It’s the flash of afternoon sunlight on the longest wall that first captures my attention. I’m slightly lost, wandering away from the centre in search of the leafy contours of Hiroshima-Nagasaki Park when the curious form of the Altkatholische Pfarrgemeinde church thrusts itself into my line of sight.
Opened in 1907, the church was torn apart by Allied bombs in 1944, only to be reborn in 1993 in a most unusual fashion. With total reconstruction deemed too expensive, the new structure was refashioned in its exact original shape, with the surviving belltower standing firm and a nest of apartments and offices, clad in mirrored glass, taking on the role of the nave. Two decades on, this comeback is all things to people who flit to this southwest side of town — a place of worship, of work, of abode.
It might equally be a metaphor for Cologne itself — a city rich in German traditions, badly damaged by the furious firestorms of the Second World War, that’s now proving to be bright, sharp and modern.
Of course, Cologne is not really German — at least, not in origin. It was founded by Rome in 50AD, as the settlement of Colonia, on the west bank of the Rhine. Within 35 years, it was the capital of Germania Inferior, the most northerly Roman province in Continental Europe — a vast expanse that spread its arms into present-day Luxembourg, Belgium and Holland. Cologne remained a major dot on the map during the Middle Ages, a powerful city-state with its own rules and ideas. Indeed, it didn’t really become German until 1815, entering a new era as a great European metropolis in a fine waterside location.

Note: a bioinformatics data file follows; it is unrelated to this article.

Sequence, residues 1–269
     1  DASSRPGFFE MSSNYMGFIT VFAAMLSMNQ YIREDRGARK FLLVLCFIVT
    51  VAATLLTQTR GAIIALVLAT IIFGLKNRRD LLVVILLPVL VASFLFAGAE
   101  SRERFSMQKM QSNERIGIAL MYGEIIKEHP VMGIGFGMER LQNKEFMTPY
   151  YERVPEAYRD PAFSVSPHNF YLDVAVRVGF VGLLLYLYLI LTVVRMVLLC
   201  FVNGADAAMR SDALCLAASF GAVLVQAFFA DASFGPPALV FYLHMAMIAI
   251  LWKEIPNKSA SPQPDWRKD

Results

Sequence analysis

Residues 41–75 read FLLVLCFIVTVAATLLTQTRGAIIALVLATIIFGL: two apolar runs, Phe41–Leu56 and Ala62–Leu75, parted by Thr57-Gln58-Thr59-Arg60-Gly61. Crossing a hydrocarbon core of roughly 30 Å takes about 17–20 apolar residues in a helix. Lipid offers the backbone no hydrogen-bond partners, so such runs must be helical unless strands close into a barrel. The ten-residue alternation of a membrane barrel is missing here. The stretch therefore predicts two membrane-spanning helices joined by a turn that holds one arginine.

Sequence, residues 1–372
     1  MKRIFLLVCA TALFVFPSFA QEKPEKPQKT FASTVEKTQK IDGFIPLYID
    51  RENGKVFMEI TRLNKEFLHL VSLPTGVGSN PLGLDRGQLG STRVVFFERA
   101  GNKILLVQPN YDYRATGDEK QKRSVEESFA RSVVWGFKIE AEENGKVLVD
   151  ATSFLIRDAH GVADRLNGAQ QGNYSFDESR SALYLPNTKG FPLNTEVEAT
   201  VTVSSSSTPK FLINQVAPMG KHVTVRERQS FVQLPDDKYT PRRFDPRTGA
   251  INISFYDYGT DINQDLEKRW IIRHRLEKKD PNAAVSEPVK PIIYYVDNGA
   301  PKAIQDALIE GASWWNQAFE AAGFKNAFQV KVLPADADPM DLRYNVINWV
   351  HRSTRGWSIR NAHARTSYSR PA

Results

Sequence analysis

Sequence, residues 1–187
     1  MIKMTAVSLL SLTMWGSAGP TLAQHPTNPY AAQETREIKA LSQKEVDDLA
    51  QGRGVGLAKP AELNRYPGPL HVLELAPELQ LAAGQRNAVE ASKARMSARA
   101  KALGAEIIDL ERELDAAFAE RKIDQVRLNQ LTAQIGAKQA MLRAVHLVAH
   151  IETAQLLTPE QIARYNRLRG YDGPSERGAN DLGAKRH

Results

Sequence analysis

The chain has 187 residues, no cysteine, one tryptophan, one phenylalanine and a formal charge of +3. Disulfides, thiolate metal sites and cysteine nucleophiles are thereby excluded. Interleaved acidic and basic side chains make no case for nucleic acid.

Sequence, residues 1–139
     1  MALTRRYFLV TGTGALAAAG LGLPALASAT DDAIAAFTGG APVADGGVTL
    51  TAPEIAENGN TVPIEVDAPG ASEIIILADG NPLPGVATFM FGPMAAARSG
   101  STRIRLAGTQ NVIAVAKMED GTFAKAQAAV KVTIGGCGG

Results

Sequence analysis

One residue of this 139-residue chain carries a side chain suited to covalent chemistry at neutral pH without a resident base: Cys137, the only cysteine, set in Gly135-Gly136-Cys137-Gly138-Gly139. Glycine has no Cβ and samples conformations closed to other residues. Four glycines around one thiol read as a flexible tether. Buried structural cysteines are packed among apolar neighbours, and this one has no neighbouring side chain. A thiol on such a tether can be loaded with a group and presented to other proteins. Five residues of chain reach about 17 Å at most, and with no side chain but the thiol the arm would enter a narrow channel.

Cologne retains all of this in the 21st century. True, RAF bombs did their worst, but the city has leapt up from the dust of conflict. Abuzz with exotic art galleries, intriguing restaurants and inviting ale houses, as well as one of the planet’s A-list religious landmarks — Cologne Cathedral — it’s a fragment of Germany with an identity of its own. Not as cool as Berlin, not as noisy as Hamburg, not as popular as Munich, but a destination which, twinkling on the lip of one of the planet’s most feted rivers, has ample charm to frame a culture-filled weekend.
What to see
Romano-Germanic Museum: Cologne’s Roman heritage is illuminated here. The key exhibit is the Dionysos Mosaic — a parade of satyrs and nymphs that once formed the floor of a third-century villa.
Museum Ludwig: This superb gallery is graced by key 20th-century works by the likes of Dali, Warhol and Picasso. Seek out German genius Martin Kippenberger’s 1983 work Sympathische Kommunistin, a portrait of a smiling female soldier that provocatively — with the Cold War still in full effect — presented a Soviet enemy as a human being.
Käthe Kollwitz Museum: This collection of works is a tribute to a German painter who depicted the brutality of the early 20th century with unflinching clarity.
Rudolfplatz: This pretty square was an entry point to Cologne’s Altstadt (Old Town). The Middle Ages linger in the Hahnentorburg, one
of four surviving medieval gates.
St Aposteln: The city is home to 12 Romanesque churches, including St Aposteln, which dates back to the 10th century — yet mixes things up with post-war frescoes and stained glass.
Kranhäuser: Cologne’s regeneration is most visible in the three giants that soar above the old Rheinauhaufen dock. Built between 2006 and 2008, these upturned ‘L’s echo the cranes that once loaded barges here. Mainly offices and flats, they can be seen best from riverside promenade Im Zollhafen.
Kölner Seilbahn: Operating from March-October, this high-rise chairlift crosses the Rhine, tying the west bank to the Rheinpark — an east-bank family favourite in Deutz.
Like a local